What Profitable Farms Do Differently

What Profitable Farms Do Differently

It’s a given that all farms want to be profitable. But what are the common denominators for the farms that have the biggest success?

That’s a question Ben Allen, chief revenue officer at Agri-Data, kept asking. After looking for common threads, he decided profitable farms have the following three things in common that they do differently.

1. They lean into technology adoption.

The word “adoption” is just as important as the word “technology,” Allen argues. That is, profitable farmers simply like to try new things.

“It isn’t always easy, but they give themselves time to learn as they go, knowing they will make mistakes,” he says. “Year after year, it gets easier, they get better, and it shows.”

2. They use outside experts.

“They find and use outside experts that they trust in areas where they feel the need for additional support,” Allen says. “Marketing, agronomy, business, you name it – they don’t let weak areas slow them down. They address them.”

3. They are getting very detailed about the money.

“Most farms today use their tax accounting reports and bank statements as their primary financial reporting,” Allen says. “But this information just doesn’t provide the support necessary to make field-level decisions.”

For example, Allen says if you had a tax statement that showed $180,000 in chemical purchases, that has its uses. However, that statement can’t tell you which products you used, which fields you used them on, and what yield increases resulted using them.

Today’s profit leaders are using enhanced financial reporting to get a clearer picture, Allen says.

“These management practices allow them to weather thinner margins with greater confidence,” he says.

For more farm management insights from Agri-Data, visit http://blog.agri-data.net/

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Spell Check

Western, NE
8/13/2015 07:15 PM

  Every farmer needs to try new things. Occasionally they need to shelve some ideas for use later. Farmers are getting more and more financially savvy. The biggest problem with the article's generalization is that no two years are alike. What worked one year, may not work the next. Also, can you afford to tie up $170 per acre in marketing costs? Weather is a deciding factor also. I think luck still plays a larger role in profitability than not!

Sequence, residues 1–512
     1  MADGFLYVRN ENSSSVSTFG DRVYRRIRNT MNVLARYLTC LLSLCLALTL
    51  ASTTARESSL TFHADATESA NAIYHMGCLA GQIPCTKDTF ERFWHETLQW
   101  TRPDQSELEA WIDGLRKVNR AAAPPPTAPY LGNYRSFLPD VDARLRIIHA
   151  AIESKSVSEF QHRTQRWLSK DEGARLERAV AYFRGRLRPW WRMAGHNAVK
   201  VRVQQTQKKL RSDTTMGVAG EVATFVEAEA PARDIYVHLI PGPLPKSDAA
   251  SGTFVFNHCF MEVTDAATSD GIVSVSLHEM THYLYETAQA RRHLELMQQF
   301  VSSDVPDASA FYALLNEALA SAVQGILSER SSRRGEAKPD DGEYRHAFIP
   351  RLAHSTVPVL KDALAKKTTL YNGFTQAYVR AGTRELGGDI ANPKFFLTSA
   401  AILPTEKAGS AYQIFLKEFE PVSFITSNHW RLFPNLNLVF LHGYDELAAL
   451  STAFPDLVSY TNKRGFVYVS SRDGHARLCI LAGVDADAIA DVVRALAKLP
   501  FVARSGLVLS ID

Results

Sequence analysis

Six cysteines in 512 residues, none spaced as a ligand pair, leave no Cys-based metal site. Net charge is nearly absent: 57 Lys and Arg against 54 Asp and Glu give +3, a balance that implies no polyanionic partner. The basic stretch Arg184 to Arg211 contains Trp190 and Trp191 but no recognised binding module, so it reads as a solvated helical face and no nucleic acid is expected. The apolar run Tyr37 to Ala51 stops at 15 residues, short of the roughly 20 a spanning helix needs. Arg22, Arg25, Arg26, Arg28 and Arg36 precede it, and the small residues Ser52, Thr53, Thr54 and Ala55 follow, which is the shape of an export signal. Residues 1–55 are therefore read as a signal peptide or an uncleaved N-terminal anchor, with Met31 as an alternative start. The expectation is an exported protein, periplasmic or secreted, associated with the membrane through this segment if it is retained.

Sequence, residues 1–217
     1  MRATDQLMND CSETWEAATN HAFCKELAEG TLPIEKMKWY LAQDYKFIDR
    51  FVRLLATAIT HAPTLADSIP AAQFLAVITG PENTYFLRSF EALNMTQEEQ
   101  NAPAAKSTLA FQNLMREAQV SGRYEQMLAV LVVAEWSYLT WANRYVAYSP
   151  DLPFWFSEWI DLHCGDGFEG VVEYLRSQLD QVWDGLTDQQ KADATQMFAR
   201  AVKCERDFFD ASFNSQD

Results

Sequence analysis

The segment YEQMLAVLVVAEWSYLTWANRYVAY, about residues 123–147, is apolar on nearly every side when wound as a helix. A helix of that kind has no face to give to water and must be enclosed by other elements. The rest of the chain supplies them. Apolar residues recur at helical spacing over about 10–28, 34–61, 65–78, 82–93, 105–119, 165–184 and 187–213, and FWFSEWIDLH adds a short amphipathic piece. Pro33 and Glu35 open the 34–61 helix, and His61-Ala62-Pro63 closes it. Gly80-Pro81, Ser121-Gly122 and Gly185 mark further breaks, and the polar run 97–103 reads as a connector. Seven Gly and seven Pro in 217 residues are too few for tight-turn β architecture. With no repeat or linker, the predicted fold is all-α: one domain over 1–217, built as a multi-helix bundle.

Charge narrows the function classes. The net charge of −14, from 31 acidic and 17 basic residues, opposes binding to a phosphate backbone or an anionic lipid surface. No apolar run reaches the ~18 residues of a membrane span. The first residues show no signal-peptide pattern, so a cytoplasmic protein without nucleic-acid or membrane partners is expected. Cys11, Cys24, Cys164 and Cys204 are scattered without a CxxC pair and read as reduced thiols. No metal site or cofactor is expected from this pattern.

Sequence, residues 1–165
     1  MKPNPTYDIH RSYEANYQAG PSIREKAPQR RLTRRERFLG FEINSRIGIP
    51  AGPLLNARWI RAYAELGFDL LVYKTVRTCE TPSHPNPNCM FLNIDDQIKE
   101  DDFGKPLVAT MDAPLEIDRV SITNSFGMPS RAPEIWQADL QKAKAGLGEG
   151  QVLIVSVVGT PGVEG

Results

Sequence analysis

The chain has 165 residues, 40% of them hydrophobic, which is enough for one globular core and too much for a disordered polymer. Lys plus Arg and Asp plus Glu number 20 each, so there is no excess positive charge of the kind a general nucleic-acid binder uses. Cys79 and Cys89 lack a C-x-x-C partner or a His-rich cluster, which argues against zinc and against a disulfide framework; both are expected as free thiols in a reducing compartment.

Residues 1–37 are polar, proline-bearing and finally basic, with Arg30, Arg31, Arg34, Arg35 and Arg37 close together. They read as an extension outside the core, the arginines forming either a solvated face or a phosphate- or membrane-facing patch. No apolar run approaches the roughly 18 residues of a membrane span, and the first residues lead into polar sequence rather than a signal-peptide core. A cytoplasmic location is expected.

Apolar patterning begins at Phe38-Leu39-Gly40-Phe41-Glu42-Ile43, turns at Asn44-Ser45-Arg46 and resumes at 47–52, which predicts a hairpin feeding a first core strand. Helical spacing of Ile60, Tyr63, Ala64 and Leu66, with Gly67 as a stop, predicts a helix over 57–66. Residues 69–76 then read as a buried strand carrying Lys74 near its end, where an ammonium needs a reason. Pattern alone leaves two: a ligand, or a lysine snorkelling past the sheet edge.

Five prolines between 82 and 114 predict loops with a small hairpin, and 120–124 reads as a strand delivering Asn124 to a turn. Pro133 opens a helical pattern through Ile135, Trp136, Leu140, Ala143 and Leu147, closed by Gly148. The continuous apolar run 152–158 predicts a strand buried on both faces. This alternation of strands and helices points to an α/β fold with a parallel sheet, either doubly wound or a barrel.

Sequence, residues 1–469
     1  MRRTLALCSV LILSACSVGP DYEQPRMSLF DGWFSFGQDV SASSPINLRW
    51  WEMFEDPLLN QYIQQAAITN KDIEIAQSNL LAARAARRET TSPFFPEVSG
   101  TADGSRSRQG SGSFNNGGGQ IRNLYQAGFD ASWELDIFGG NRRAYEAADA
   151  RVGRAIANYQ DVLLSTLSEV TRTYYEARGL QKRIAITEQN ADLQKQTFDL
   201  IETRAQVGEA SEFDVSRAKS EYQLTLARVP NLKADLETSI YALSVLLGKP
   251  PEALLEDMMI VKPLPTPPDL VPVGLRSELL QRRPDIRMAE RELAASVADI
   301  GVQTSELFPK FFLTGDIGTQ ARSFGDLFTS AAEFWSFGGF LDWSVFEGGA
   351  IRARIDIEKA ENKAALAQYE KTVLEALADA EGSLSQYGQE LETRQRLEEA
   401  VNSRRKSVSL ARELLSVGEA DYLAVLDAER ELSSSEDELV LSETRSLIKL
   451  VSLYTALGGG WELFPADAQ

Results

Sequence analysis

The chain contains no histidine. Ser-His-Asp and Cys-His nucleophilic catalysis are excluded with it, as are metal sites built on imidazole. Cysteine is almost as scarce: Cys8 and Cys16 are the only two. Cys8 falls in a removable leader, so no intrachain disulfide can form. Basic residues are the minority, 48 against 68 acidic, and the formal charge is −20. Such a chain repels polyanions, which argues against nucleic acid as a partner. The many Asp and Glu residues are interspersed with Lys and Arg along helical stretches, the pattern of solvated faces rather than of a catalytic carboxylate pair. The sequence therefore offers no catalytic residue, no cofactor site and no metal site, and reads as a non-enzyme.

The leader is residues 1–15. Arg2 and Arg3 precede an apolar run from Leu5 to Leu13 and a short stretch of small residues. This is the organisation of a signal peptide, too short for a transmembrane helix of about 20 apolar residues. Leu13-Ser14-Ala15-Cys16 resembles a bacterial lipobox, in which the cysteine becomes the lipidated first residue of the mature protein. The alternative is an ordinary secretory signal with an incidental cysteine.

Martin Primus
Sauk Centre, MN
8/14/2015 05:08 PM

  Did this study take into account the Amish? They seem to have the cash to make purchases when needed. They are diffidently not high tec the other thing, did this study take into account the money farmers made farming the government programs. Seems to me that most profitable farms in general farm the government and mine the land. That is not sustainable in the long run.

Danville, IN
8/17/2015 10:19 AM

  Martin Primus, your comment seems a bit silly. First, Amish don't make it very well hence the reason many/most work off farm jobs. Second, your comment about farmers farming the gov. and mining the land is just plain not true, simplistic, and sounds like it comes from either a whiney loser or an uninformed city person that hates modern ag and gets their info from Food Inc.


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